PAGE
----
2. In the 1920s, here in the U.S., tens of thousands - mostly poor - were dying of a disease called pellagra. The consensus of scientists said it was infectious, and what was necessary was to find the "pellagra germ." The US government asked Dr. Joseph Goldberger to find the cause. Goldberger concluded that diet was the crucial factor. The consensus remained wedded to the germ theory. Goldberger demonstrated that he could induce the disease through diet. He demonstrated that the disease was not infectious by injecting the blood of a pellagra patient into himself, and his assistant. He and other volunteers swabbed their noses with swabs from pellagra patients, and swallowed capsules containing scabs from pellagra rashes ("Goldberger's filth parties"). Nobody contracted pellagra. The consensus continued to disagree with him. There was, to be sure, a social (political) factor in the disagreement - southern States disliked the idea of poor diet as the cause, because it meant that social reform was required. The consensus continued to deny the evidence for years, for no better reason than it conflicted with the prevailing political agenda.

3. Every schoolchild notices that South America and Africa seem to fit together rather snugly, and Alfred Wegener proposed, in 1912, that the continents had in fact drifted apart. The consensus sneered at the suggestion of continental drift for fifty years. The theory was most vigorously denied by the great names of geology - until 1961, when measurements conclusively presented data suggesting the sea floors were spreading apart. It took the consensus 50 years to acknowledge what any schoolchild sees.

And pure politics is not exempt by an inept consensus - review the effect of Lysenko's policies in Russia (from which they still suffer today), Margret Thatcher's 1981 budget (which worked in spite of the review of a host of'experts', Reagan vs. the Evil Empire (which eventually collapsed under the weight of an economic attack, disguised as a military one) ...

A major media embarrassment of using science for advancing political agenda happened in 1991, when Carl Sagan predicted on Nightline that Kuwaiti oil fires (from the first Gulf War) would produce a nuclear winter effect, causing a "year without a summer," and endangering crops around the world. Sagan stressed this outcome was so likely that "it should affect the war plans." A 'consensus of concerned scientists' rapidly agreed and made many public statements in support of Sagan's position. None of it happened.

… You want more? - Galileo / Copernicus and their helio-centric observations, the Phlogiston theory, Jenner and smallpox, Pasteur and germ theory, saccharine, margarine, repressed memory, fiber and colon cancer, hormone replacement therapy... In each case, the consensus at that time clearly and vehemently came down on what was ultimately the Wrong Side. The list of errors by 'the consensus' goes on and on...

Now, when demanded to bow down to the opinions of 'the consensus' (or other 'appeals to authority'), I ask one to notice WHEN and WHERE the claim of consensus is typically used:

Consensus is invoked only in situations where the science (i.e., the Real World data) is not solid enough for close scrutiny.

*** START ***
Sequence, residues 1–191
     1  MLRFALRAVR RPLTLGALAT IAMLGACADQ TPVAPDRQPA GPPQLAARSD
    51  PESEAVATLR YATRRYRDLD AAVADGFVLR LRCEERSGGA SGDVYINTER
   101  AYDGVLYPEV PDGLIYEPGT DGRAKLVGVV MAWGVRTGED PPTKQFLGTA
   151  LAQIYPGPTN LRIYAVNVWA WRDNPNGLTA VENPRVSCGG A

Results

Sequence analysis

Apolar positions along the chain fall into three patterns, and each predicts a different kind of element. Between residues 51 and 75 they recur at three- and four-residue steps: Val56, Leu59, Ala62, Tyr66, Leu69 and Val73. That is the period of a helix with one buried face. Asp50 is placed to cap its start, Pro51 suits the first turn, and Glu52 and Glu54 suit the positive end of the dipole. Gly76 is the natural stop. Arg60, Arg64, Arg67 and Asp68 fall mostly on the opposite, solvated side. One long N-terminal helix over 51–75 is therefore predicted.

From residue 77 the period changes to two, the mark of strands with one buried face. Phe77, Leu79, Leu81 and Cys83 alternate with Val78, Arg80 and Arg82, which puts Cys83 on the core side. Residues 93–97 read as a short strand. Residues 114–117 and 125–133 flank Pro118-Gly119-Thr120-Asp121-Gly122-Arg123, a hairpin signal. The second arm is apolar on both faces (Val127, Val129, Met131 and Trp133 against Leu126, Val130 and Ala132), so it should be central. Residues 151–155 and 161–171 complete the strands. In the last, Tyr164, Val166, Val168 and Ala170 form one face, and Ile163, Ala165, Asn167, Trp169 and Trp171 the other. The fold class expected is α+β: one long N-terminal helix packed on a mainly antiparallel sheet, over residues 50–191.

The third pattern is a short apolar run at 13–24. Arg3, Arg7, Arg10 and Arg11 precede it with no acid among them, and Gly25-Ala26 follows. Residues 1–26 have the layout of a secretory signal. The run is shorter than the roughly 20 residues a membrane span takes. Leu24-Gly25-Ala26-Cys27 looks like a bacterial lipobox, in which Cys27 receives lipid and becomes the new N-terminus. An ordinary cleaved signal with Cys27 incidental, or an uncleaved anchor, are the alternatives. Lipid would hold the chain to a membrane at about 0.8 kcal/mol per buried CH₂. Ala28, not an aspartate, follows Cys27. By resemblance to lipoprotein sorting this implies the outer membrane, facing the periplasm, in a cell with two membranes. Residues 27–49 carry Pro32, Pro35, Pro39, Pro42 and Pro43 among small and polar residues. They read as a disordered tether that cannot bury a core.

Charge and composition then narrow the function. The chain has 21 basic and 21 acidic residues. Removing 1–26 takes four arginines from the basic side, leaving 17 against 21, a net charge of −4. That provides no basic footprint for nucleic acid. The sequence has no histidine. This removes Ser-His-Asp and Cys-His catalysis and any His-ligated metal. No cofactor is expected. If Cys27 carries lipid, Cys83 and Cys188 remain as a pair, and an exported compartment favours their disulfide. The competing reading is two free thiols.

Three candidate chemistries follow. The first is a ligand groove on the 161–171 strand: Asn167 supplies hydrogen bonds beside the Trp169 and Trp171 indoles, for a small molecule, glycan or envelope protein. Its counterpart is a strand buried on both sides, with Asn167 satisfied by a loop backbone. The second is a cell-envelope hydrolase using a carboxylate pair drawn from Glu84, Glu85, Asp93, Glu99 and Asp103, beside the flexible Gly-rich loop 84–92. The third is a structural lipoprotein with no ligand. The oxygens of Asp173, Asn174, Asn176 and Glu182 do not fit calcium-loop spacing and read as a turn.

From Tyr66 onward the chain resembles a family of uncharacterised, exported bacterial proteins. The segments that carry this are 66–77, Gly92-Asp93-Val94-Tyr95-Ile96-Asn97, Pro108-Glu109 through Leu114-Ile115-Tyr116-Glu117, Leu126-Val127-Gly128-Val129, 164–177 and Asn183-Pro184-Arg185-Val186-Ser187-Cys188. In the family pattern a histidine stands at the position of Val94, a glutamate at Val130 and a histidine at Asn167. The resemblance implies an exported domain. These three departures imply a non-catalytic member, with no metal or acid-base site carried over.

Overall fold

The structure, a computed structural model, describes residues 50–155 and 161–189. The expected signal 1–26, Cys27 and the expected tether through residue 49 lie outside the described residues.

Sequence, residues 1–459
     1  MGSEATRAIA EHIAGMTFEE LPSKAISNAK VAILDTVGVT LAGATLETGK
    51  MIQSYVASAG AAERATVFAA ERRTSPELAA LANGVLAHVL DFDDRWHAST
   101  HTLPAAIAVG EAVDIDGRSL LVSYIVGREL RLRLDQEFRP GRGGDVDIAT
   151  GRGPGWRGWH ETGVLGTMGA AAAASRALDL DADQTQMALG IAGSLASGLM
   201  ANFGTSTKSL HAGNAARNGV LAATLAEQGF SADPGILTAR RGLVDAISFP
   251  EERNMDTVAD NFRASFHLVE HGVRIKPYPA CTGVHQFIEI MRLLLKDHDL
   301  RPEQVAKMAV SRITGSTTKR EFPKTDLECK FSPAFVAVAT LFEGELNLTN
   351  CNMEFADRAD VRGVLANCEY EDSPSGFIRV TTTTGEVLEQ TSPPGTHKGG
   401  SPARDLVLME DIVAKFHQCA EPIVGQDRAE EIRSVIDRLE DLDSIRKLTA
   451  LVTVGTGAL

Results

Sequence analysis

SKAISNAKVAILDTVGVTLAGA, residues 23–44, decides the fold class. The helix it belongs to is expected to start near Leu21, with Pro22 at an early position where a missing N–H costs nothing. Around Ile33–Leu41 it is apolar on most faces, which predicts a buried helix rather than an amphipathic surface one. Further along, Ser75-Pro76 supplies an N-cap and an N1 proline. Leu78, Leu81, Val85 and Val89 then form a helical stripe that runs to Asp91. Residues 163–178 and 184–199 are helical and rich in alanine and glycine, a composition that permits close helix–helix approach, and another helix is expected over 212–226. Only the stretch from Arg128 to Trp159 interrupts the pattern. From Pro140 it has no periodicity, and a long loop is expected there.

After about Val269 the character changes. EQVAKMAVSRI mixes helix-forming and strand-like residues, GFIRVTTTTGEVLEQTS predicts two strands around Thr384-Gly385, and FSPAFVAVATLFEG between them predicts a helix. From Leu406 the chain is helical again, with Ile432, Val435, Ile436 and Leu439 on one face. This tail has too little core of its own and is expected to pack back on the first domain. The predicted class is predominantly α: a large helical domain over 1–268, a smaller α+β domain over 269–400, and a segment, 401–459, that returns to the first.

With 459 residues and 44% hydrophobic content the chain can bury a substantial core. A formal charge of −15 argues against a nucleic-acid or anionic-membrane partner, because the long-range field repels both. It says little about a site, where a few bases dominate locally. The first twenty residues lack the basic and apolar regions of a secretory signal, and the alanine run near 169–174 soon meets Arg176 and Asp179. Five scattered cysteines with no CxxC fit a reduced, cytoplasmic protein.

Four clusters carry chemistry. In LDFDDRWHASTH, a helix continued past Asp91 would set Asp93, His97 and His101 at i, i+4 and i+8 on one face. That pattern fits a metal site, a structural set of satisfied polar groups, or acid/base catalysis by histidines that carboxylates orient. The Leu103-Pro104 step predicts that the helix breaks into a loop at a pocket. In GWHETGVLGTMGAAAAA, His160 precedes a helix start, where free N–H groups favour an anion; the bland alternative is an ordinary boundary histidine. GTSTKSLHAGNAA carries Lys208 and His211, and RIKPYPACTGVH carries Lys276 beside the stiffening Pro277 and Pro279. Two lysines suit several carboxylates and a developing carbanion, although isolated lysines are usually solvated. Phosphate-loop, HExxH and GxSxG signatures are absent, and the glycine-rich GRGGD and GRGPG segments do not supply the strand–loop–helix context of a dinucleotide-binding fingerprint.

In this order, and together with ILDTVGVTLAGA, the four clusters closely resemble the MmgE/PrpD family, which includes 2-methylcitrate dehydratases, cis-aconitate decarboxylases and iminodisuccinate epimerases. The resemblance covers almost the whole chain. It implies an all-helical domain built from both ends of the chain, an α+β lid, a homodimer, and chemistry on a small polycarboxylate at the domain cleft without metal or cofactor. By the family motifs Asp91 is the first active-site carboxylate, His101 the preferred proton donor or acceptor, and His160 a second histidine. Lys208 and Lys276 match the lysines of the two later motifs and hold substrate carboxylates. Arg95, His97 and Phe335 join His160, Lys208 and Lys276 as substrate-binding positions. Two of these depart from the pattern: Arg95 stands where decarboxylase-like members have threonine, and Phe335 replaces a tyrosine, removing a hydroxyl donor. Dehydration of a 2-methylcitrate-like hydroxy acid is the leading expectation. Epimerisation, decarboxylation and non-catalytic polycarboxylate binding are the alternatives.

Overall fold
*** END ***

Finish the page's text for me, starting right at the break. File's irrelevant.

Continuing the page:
Today, nobody says the consensus of scientists agrees that E=mc2. Nobody says the consensus is that the sun is 93 million miles away. Nobody says the consensus is that the world is not flat (at least they say that NOW)... It would never occur to anyone to speak that way. There is no such thing as consensus science. IMHO, "consensus science" is a modern oxymoron on the scale of "jumbo shrimp" and "fresh raisins".

If it's consensus, it isn't science. If it's science, it isn't consensus. Period.

… I'll stop here for now. In future posts, I'll try to address the question: “If you can't trust the consensus, who DO you trust?” Also, I'll post notes on the principles and positions for what I believe and support (some surprises there, to be sure). Stay tuned.

- Steve


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  2. Great post here! I would also like to comment that consensus is has also plagued scientists themselves, although this may be part of your point too. Reading Kuhn's work, "Structure of Scientific Revolutions," is a great testimony to that. You may sympathize with James Lovelock's Gaia Hypothesis (is it a theory now?) He cites many of the same themes as you do and have found his work to be directly opposed to the current scientific-political agenda. Thanks again for this blog!

  3. Steve, great post. I run a website, Celebrating Sagan (, and I'd like to invite you to write a Carl Sagan article for the site. Feel free to email me at memories [at]



  4. A follow-up on claims it is somehow 'better' to be part of the 'group of leading scientists' (e.g., the 'consensus') and having government backing for their research efforts...

    Go back to the first decade of the 20th century. Check out the history behind 'aeronautics' research. In the end, two bicycle mechanics from Ohio managed to build a heavier-than-air machine capable of powered flight. They did it multiple times and even had visual documentation of their success...

    Meanwhile, one of the nation's 'leading researcher' in that field - who was publicly backed by the powerful and prestigious Smithsonian, and had received extensive amounts of government financial backing - merely wasted a LOT of time and money, the end result of which was a machine that barely managed to crash into the Potomac without flying an inch.

    ...A similar failure in the AGW arena will not be as obvious until a lot of harm is done.

    - Steve